Annual report 2013: Failure to address conflict situations creating a global underclass of refugees
Global inaction on human rights is making the world an increasingly dangerous place for refugees and migrants, Amnesty International said today (Thursday 23 May) as it launched its annual assessment of the world’s human rights.
The organisation said that the rights of millions of people who have escaped conflict and persecution, or migrated to seek work and a better life for themselves and their families, have been abused. Governments around the world are accused of showing more interest in protecting their national borders than the rights of their citizens or the rights of those seeking refuge or opportunities within those borders.
Salil Shetty, Secretary General of Amnesty International, said:
“The failure to address conflict situations effectively is creating a global underclass. The rights of those fleeing conflict are unprotected. Too many governments are abusing human rights in the name of immigration control – going well beyond legitimate border control measures.
“These measures not only affect people fleeing conflict. Millions of migrants are being driven into abusive situations, including forced labour and sexual abuse, because of anti-immigration policies which mean they can be exploited with impunity. Much of this is fuelled by populist rhetoric that targets refugees and migrants for governments’ domestic difficulties.
“Refugees and displaced people can no longer be ‘out of sight, out of mind’. Their protection falls to all of us. The borderless world of modern communications makes it increasingly difficult for abuses to be hidden behind national boundaries – and is offering unprecedented opportunities for everyone to stand up for the rights of the millions uprooted from their homes.”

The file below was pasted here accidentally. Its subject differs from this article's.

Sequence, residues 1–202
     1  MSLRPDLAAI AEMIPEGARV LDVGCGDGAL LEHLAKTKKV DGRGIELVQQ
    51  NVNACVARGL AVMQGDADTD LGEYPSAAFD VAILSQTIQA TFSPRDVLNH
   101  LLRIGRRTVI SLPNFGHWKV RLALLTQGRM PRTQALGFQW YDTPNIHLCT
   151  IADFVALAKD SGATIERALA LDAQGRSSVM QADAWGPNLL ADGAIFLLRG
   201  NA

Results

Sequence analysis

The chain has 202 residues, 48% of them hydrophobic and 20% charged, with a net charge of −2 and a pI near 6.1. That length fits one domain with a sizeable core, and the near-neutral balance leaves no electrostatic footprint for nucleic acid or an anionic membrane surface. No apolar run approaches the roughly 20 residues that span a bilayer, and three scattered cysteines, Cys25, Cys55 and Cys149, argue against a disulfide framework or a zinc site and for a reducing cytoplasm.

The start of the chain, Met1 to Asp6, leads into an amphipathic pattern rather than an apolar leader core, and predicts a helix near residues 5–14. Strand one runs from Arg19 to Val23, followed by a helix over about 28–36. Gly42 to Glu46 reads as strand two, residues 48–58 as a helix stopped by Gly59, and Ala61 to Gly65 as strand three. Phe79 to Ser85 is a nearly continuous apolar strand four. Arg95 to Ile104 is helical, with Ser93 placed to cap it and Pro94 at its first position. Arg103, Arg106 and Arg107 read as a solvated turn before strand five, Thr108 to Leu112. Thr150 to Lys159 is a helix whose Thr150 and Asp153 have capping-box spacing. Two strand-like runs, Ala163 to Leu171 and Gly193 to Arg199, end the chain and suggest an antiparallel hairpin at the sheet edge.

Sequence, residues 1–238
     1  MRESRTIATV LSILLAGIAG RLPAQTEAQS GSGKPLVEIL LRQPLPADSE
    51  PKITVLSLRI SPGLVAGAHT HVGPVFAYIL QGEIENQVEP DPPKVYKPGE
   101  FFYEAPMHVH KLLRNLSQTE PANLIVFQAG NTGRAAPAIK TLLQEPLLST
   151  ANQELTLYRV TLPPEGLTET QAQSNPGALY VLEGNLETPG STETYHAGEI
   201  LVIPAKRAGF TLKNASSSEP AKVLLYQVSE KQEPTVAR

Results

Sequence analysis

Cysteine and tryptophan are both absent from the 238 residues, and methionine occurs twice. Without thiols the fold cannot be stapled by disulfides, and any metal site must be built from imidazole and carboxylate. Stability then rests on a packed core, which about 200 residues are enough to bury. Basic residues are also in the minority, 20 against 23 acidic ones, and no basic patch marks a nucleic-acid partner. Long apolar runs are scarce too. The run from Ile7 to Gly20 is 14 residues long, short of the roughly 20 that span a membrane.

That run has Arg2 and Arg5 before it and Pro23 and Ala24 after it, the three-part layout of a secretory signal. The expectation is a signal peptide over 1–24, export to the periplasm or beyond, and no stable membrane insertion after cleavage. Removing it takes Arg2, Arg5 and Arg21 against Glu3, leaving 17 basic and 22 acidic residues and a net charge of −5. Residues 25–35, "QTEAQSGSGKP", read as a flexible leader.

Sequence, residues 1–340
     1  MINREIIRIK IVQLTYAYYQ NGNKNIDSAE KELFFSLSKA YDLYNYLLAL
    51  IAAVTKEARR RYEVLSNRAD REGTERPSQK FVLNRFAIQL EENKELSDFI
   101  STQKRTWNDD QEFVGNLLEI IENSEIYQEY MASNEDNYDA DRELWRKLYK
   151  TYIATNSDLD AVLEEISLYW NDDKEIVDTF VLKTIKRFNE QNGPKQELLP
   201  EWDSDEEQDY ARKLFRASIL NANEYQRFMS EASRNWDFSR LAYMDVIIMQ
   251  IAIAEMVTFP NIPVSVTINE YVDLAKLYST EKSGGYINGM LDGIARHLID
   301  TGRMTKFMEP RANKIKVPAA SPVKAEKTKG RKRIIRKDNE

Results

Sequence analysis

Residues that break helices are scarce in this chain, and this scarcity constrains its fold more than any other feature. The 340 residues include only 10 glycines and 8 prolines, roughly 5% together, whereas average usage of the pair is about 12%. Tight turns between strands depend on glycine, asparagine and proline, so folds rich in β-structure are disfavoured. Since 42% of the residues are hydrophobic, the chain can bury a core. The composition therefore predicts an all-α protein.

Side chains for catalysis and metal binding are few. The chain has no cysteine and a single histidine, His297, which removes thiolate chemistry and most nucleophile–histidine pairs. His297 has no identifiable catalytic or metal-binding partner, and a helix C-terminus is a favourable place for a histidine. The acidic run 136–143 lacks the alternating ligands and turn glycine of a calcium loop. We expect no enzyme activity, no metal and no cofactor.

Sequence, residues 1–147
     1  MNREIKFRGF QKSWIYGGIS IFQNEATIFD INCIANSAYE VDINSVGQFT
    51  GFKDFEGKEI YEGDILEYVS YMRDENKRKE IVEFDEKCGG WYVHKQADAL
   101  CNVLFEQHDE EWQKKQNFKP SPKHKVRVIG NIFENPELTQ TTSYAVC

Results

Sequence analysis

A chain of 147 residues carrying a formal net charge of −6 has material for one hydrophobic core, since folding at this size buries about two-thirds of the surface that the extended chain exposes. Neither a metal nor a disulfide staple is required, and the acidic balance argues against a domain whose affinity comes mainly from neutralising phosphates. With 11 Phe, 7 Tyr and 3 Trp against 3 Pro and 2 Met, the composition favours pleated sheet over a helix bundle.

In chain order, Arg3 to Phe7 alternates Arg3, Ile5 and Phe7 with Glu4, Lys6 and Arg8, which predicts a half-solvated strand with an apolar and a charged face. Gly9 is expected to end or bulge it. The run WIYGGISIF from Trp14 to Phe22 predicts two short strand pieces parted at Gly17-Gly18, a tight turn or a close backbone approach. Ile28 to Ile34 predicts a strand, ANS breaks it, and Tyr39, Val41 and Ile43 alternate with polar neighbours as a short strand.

Last year, the global community witnessed a range of human rights emergencies that forced large numbers of people to seek safety, within states or across borders. From North Korea to Mali, Sudan and the Democratic Republic of the Congo, people fled their homes in the hope of finding a safe haven.
In Syria, little changed apart from the ever-increasing numbers of lives lost or ruined as millions of people were displaced by conflict. The world stood by while the Syrian military and security forces continued to carry out indiscriminate and targeted attacks on civilians. People deemed opponents of the government were subjected to enforced disappearance, arbitrary detention, torture and extrajudicial execution. At the same time, armed groups continued to hold hostages and to carry out summary killings and torture, albeit on a smaller scale.
Amnesty found that last year, the excuse that human rights are ‘internal affairs’ was regularly used to block international action to address rights emergencies such as Syria. The UN Security Council – entrusted with global security and leadership – continued to fail to ensure concerted and unified political action.
Salil Shetty said:
“Respect for state sovereignty cannot be used as an excuse for inaction. The UN Security Council must consistently stand up to abuses that destroy lives and force people to flee their homes. That means rejecting worn-out and morally bereft doctrines that mass murder, torture and starvation are no one else’s business.”
People attempting to flee conflict and persecution regularly encountered formidable obstacles when trying to cross international borders. It was often harder for refugees to cross borders than it was for the guns and weapons that facilitated the violence that forced them to flee from their homes. However, the UN’s adoption of an Arms Trade Treaty in March 2013 offers hope that the shipment of weapons used to commit atrocities, may at last be halted.